We spoke to homeless individuals who are choosing to sleep outside this winter. One woman who is camping outside of the Gerald E. King Homeless Resource Center in downtown Salt Lake City said, “Why would I voluntarily put myself into prison?” “They make you feel like a prisoner there, I don’t want to feel like I’m in jail so I sleep outside.” It’s unclear if she feels this way because it is accurate or if she cannot use or take illegal drugs into the shelter.
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About a dozen people are camping around the Gerald E. King Center. Several months ago the encampments around the shelter were getting out of control so the city installed large rocks in the former mediums so that laying out tents and cots would be much more difficult. In the past year the Salt Lake City Police Department has been continuously engaged in attempting to dismantle homeless encampments in the city.
We found several men sitting with blankets in faux leather reclining chairs, also out in front of Gerald E. King. One man lucidly told me, “They are supposed to open the Ramada out by the airport very soon and the Weigand Center is providing additional beds…But this center is currently at capacity. “So why are you out here?” “Because we can go in and get meals and take showers.”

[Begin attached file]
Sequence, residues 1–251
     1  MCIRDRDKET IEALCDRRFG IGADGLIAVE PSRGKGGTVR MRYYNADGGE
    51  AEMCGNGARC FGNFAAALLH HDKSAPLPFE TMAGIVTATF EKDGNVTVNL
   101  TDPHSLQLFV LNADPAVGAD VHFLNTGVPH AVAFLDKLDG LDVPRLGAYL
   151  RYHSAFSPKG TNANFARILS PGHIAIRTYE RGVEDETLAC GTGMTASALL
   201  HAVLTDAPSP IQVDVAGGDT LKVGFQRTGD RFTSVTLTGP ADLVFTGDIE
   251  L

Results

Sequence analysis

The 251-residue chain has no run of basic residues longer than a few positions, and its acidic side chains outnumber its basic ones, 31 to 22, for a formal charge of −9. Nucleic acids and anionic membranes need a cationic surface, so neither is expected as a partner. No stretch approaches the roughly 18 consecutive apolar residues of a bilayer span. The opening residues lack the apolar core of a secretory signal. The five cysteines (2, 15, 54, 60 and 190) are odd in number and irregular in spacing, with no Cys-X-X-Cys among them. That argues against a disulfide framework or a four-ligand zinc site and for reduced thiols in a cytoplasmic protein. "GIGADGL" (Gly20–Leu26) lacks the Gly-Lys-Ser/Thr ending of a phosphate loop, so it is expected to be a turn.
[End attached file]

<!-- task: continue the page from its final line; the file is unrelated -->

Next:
On 200 South Rio Grande Street where the former Road Home once resided, day-campers are waiting for their dinner from Saint Vincent de Paul Dining Hall. The empty lot which once housed so many homeless people has been sold to a developer. But because so many homeless services still exist near the former Road Home shelter the homeless presence is still prevalent in the area.
I’m told by one temporary homeless man waiting in line for his dinner, who previously worked for the shelter that nobody here is actually interested in finding work. He said that anybody who is willing to work hard can easily find jobs and decent pay, but most of the people out here have no interest in getting off the streets by working. He says they just want the free handouts, and most want to use drugs all day. Still, Pioneer Park now is free of blatant drug trafficking and more high-end housing is rising all around the area. But it’s not difficult to find where the drug trafficking has moved.
West over the viaduct down North Temple near the Rancho Market and around the Salt Lake City Fairgrounds, there is a crowd of people gathered. Another is gathered on 10th West and North Temple. In these two places, there is a continuous stream of traffic pulling up to a corner where money is exchanged for bags. There are around a dozen people on the corner who appear to have varying degrees of involvement in the illicit trade. It seems that the police are allowing this commerce to remain unchecked, as I’m told that the jails are full, and drugs have been essentially decriminalized.
WATCH THE VIDEO:
Homeless Families Braving the Cold Rather Than Stay in Shelters
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Six Years of Failed Homeless Policy in Salt Lake City